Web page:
There’s not much we can’t do online. But does convenience, speed, and cost trump a good old fashion sit-down with a professional? Not always, according to attorney K. Gabriel Heiser in an article he wrote for AgingCare.com.
Heiser focuses specifically on Power Of Attorney forms, which give control of your finances to someone you trust if something happens to you. This includes paying bills, managing bank accounts, overseeing investments, and preparing and filing tax returns on your behalf. In essence, you’re giving another person access to all your money and assets, so it’s a big decision -- and an even bigger responsibility. Heiser acknowledges that some online forms are better than others, but breaks his reasoning as to why it’s best to do this face-to-face with an attorney into five points:
Customization: Some POAs require specific clauses that are difficult to comprehend without having an attorney walk you through them. While most online POAs are boilerplate (and some might opt to give a spouse or a child complete power), there could be instances that, if left unaccounted, could lead to problems if certain situations arise. What situations? That’s what you need to talk with an attorney about.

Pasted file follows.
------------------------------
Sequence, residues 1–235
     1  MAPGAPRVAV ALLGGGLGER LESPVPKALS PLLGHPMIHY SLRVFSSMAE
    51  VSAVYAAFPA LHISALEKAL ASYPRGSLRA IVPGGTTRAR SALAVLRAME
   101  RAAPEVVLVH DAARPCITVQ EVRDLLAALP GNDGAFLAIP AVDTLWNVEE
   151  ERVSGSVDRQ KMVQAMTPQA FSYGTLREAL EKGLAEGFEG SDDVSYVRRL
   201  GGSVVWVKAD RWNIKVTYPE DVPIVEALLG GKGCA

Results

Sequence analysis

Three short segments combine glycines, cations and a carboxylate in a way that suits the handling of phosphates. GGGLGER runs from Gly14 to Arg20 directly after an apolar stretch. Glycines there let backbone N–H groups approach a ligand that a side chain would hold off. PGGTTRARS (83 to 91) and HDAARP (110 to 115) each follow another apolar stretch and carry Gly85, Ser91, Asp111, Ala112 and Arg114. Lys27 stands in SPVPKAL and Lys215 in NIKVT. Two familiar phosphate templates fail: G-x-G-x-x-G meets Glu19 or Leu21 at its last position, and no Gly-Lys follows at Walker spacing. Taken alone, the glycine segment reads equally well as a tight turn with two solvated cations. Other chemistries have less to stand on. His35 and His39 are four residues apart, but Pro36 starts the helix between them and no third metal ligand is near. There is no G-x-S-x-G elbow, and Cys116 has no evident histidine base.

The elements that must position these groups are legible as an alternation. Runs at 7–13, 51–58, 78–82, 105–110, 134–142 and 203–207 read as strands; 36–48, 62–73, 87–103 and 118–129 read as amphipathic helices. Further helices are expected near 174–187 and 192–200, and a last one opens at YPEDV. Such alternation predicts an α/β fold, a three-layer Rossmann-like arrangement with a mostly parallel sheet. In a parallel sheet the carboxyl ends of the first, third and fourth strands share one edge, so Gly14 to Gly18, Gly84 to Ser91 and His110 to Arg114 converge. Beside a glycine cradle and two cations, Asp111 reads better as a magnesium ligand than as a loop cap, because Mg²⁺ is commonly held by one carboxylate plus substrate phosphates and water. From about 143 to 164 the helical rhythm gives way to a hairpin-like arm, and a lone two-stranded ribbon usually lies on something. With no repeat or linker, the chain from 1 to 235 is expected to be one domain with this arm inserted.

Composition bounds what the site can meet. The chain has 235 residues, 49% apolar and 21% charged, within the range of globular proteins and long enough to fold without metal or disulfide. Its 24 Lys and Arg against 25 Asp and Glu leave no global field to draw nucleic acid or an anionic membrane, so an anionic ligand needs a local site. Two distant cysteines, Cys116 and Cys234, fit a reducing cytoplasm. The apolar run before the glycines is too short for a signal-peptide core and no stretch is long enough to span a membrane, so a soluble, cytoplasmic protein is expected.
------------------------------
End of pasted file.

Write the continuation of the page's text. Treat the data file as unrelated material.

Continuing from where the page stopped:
Advice Regarding Type Of POA: What kind of POA will you need? Durable? Non-Durable? Springing? Who should you name as a successor POA if something happens to your primary? While you can educate yourself about these types on your own, an attorney can help assess your situation and help you decide what works best for you.
Legal Witnesses: When you complete a POA form you need witnesses present to make sure the principle (person giving up the power) is in their right mind when doing so. Heiser says that a professional can best vouch for the mental capacity of the person if someone later tries to invalidate the document in court. If a child or spouse feels slighted that they weren’t named POA, they can sue. Having a professional witness can better help shoot that claim down.
Quality: Heiser makes the point that just because something looks official doesn’t mean that it is. How can a person unfamiliar with this document know a good one from a bad one? Since a POA can offer wide-ranging powers over your estate, allow someone else to empty your bank accounts and sell your house, perhaps it’s worth the effort to make sure it’s ironclad.
Modest Cost: Lawyer-prepared POAs are usually under $200 in many cities, according to Heiser. While doing it online can be faster and cheaper (some start at $50), when you take his points above into consideration, it’s not nearly as pricey as one might think.